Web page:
Firstly, you should be using safety tools as part for your game setup - know what questions are off limits. For goodness sake do not ask a question that will upset or cause issues to your players. If you ever do, strike it, apologise and go a different way. Seriously - do not use these GM Wizarding techniques for evil!
Signpost it is coming
“So Tova, I think it would be really cool to understand why the Baramanzians might care about this - so I am going to ask you a question”
Let the player or even let the group know a question is coming - this is not a pop quiz at school!
Ask and wait
Unless you are playing with improv gods, once you have asked the question give them up to about 30 seconds to answer. Watch their body language, if they are struggling you might want to…
Reframe or Open to the Group
If the player is struggling, or the answer feels a little barebones then widen the discussion to the group. Bringing in another player or see if anyone wants to co-answer and create. This technique helps the quiet ones contribute without expecting them to fly solo immediately.
Or reframe the question with them - if they want to answer the question in a different way guide them to a better, more collaborative direction.
Move the spotlight
In the situation where you just asked a massive character or game-changing question giving them time to think is a great tip. Moving the spotlight to another character (and making a note for yourself about the question so you remember as well) and coming back is likely to leave you with a much more thought out and epic answer.
This approach is also useful when someone is hogging the spotlight - encourage your creative superstars but do not let this become a one person show, we are playing in an ensemble cast.
Acknowledge answers and let players know you love what they are doing
It is pretty self-explanatory, but if a player gives you something and you do nothing with it, you will knock their confidence. If it's awesome and you want more of it let them know. If they answer and you want to work with it to make it more relevant or nudge it in a direction narrated out of their answer and build with them.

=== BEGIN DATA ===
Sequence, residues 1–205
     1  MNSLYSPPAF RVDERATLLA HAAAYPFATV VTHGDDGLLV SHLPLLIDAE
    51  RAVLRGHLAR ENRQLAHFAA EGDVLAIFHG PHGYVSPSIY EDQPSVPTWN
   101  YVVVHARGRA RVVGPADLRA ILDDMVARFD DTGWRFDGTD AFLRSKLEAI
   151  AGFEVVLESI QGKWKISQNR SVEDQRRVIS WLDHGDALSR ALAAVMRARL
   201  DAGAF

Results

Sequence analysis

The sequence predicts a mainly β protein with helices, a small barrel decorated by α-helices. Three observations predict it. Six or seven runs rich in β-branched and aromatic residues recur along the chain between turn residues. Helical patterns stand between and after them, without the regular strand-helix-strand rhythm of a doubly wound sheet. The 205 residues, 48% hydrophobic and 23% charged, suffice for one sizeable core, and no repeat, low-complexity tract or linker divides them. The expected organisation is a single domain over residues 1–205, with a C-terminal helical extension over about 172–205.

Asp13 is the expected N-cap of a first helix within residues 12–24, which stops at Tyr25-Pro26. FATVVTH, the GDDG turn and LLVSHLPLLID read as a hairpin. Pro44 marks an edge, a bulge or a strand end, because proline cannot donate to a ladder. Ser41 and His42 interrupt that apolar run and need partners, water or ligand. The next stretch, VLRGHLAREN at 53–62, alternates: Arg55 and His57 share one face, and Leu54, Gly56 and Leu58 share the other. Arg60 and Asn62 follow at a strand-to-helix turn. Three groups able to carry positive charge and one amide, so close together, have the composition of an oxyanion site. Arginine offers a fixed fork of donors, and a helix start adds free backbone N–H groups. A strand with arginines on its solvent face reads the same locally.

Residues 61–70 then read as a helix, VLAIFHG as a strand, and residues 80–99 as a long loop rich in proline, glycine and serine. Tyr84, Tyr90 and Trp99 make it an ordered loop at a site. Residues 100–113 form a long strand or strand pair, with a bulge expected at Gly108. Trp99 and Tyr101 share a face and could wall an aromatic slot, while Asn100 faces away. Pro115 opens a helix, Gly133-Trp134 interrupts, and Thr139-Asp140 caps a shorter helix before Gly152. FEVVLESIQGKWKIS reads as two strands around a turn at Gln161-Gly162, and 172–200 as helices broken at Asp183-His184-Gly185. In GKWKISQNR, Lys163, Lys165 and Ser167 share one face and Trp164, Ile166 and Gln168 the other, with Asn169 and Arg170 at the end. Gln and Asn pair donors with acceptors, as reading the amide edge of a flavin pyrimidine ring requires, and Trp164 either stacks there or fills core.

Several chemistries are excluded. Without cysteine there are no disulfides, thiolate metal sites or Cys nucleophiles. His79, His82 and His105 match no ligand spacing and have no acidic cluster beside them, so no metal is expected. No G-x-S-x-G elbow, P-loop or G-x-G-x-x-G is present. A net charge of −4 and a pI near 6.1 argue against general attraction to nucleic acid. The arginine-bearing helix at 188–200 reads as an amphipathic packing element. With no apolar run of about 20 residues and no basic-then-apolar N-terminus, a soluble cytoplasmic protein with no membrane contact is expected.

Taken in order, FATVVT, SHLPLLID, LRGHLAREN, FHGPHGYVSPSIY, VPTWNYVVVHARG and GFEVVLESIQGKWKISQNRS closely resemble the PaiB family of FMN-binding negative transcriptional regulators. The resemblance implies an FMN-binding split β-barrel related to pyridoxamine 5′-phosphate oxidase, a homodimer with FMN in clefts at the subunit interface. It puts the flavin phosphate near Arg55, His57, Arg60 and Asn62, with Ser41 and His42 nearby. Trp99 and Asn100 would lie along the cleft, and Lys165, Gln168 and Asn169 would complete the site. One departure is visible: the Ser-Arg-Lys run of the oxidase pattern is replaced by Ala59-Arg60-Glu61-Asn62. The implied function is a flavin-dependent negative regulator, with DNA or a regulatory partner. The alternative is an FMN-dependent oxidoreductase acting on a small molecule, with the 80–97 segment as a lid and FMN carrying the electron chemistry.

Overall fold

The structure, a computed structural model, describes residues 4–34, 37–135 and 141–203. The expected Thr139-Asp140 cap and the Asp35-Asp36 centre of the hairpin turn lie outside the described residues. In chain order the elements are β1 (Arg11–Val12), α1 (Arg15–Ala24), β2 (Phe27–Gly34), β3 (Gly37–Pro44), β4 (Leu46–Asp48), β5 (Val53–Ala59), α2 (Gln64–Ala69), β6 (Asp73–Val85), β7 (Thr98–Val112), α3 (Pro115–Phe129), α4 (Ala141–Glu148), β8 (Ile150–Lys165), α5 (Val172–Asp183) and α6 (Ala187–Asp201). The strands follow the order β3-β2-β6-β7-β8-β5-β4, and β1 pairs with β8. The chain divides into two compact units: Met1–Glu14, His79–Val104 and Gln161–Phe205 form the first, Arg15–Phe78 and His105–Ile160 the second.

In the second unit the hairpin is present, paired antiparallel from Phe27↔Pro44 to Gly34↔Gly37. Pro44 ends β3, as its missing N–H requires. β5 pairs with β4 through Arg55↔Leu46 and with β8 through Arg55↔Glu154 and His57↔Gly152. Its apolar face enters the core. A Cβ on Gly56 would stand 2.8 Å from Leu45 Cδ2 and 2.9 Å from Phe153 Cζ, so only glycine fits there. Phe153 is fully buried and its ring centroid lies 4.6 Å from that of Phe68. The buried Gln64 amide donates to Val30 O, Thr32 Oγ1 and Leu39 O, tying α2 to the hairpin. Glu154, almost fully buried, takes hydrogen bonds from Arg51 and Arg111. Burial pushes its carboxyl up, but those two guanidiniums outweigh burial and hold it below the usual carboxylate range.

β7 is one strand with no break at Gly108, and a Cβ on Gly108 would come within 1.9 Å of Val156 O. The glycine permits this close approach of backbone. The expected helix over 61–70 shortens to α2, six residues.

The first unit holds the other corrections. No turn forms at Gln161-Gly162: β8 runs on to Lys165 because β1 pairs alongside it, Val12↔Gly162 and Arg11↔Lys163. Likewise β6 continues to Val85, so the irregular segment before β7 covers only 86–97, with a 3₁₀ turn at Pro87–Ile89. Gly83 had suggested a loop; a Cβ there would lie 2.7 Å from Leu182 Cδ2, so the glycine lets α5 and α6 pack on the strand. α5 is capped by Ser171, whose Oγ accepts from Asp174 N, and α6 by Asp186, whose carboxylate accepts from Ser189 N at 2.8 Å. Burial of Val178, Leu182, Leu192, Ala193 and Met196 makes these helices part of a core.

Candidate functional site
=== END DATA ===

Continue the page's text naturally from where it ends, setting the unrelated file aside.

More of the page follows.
Do not be afraid to ask more questions about their answers - this stuff is like jamming for GMs.
I use a cool down technique called Star and Wishes, where we call out something we are thankful about in the game. A common piece of feedback I get is that they love how I rolled with it whatever they did as players or as a group.
I love that feedback, it means I am getting more right than wrong - and they have not yet figured out that I am asking them to take on more of the GMing duties than they realise.
In gaming or the real world I have a really simple ideology - the more authority and power I have gained, the more I want to distribute it and give it away. There are all sorts of reasons in terms of organisational psychology to do this - ultimately it is about creating more enthusiasm, more buy-in and a more open culture.
If you have any questions for me - find me on Twitter as @BeardLikeAJedi
If you enjoyed this article you can get it and much more in Edinburgh Indie Gamers 2020 Zinequest publication for free at Itch.io https://itch.io/t/1419126/edinburgh-indie-gamers-zine